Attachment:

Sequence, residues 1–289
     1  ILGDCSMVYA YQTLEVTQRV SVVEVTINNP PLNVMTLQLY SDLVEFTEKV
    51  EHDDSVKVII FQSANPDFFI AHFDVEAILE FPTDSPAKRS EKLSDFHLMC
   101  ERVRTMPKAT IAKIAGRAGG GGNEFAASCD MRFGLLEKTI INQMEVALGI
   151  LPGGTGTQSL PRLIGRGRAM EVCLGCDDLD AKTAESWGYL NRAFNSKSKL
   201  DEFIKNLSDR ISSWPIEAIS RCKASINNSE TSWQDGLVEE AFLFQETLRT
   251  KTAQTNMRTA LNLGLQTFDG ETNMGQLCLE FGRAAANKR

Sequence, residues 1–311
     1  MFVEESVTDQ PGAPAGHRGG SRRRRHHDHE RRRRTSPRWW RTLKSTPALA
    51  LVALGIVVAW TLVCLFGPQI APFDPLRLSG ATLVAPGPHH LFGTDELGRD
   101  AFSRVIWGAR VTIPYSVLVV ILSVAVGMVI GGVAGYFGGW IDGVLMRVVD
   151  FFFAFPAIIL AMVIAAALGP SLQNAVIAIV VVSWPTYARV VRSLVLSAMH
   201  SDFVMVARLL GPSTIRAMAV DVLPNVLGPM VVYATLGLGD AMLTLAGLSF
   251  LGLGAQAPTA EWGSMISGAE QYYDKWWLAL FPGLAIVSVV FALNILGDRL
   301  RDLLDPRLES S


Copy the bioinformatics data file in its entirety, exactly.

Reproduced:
Sequence, residues 1–289
     1  ILGDCSMVYA YQTLEVTQRV SVVEVTINNP PLNVMTLQLY SDLVEFTEKV
    51  EHDDSVKVII FQSANPDFFI AHFDVEAILE FPTDSPAKRS EKLSDFHLMC
   101  ERVRTMPKAT IAKIAGRAGG GGNEFAASCD MRFGLLEKTI INQMEVALGI
   151  LPGGTGTQSL PRLIGRGRAM EVCLGCDDLD AKTAESWGYL NRAFNSKSKL
   201  DEFIKNLSDR ISSWPIEAIS RCKASINNSE TSWQDGLVEE AFLFQETLRT
   251  KTAQTNMRTA LNLGLQTFDG ETNMGQLCLE FGRAAANKR

Sequence, residues 1–311
     1  MFVEESVTDQ PGAPAGHRGG SRRRRHHDHE RRRRTSPRWW RTLKSTPALA
    51  LVALGIVVAW TLVCLFGPQI APFDPLRLSG ATLVAPGPHH LFGTDELGRD
   101  AFSRVIWGAR VTIPYSVLVV ILSVAVGMVI GGVAGYFGGW IDGVLMRVVD
   151  FFFAFPAIIL AMVIAAALGP SLQNAVIAIV VVSWPTYARV VRSLVLSAMH
   201  SDFVMVARLL GPSTIRAMAV DVLPNVLGPM VVYATLGLGD AMLTLAGLSF
   251  LGLGAQAPTA EWGSMISGAE QYYDKWWLAL FPGLAIVSVV FALNILGDRL
   301  RDLLDPRLES S